Fortunately, there is a lot of good in this industry. The designers of these games are truly artists who reach down in themselves through the creative process to carefully craft and mould products that tickle our brains in just the right way. These products, while not always perfect and are open to criticism are, by in large very, very good and are – I believe – getting better. Another part of the goodness are the many, many personalities who bring a lightheartedness and fair consideration to the experience. Tom Vasel and his Optimist series of interviews, for example, celebrate individuals in the industry to bring us a wonderful positive force and reminder of goodness. Aldie pours away at perfecting what, to my mind, has been for some time a truly unbelievable site by any measure. Lots of people have of lots to say on the details of the site, but in context, such fussy matters shouldn’t detract from the standard of excellence that is exhibited here. So much more that I can’t all list here. Certainly, there’s not much one can do to change the tide of ‘attitude’ that can seem to swell up save personal responsibility and consideration for those who put themselves out there. But, for me, I certainly can do well to taper my criticism or provide a more gentler approach from time to time.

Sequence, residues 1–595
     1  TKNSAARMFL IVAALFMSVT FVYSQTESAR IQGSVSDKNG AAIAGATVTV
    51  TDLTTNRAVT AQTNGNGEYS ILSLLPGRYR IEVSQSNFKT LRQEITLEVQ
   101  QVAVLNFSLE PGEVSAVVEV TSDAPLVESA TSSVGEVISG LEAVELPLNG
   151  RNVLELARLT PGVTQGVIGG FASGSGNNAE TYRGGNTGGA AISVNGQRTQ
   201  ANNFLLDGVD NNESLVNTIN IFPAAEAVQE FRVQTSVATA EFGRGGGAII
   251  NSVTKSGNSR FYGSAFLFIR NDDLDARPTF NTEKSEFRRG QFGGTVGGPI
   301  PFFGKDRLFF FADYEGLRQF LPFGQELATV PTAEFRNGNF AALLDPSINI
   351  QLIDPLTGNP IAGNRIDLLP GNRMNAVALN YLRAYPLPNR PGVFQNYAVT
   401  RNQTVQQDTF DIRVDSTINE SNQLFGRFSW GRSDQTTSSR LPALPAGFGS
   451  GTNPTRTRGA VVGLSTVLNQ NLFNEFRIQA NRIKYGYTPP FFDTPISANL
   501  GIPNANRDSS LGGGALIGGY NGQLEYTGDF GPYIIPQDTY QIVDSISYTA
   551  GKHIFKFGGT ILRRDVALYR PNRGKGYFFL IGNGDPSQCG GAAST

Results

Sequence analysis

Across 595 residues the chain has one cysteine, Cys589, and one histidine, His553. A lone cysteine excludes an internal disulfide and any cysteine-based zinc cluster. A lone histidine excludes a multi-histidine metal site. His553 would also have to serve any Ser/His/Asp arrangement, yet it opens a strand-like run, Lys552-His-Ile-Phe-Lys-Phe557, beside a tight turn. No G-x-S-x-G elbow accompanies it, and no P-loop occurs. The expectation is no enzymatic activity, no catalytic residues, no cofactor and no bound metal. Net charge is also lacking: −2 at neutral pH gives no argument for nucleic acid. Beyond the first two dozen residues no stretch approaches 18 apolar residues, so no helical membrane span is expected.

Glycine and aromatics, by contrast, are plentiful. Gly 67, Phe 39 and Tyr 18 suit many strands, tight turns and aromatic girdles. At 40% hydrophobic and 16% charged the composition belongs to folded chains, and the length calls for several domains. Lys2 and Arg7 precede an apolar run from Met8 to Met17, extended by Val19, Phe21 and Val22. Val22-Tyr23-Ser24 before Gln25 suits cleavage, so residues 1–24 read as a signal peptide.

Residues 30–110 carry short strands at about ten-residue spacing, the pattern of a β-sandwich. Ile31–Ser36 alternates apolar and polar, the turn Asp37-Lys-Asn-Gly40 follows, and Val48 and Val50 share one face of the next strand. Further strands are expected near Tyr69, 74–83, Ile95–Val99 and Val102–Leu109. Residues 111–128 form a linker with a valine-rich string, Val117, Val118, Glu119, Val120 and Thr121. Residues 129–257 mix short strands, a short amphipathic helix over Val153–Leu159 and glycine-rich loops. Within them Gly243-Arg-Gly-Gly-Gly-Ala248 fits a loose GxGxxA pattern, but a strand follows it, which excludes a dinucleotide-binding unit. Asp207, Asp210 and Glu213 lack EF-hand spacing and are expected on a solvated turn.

...And now and again, I allow myself the right to get grumpy about grumpy.

– mike

Settlers of Catan Board Design Part 4

It’s been a while since I’ve posted on this project. I ran out of steam a bit on this one following a break from design during the holidays. I’ve looked at it a few times, but can’t seem to pick up the pen to finish it off. I know the next steps will be to revisit the resource tiles. I’m not convinced the celtic weaved medallions are the way to go here. Time to try something else.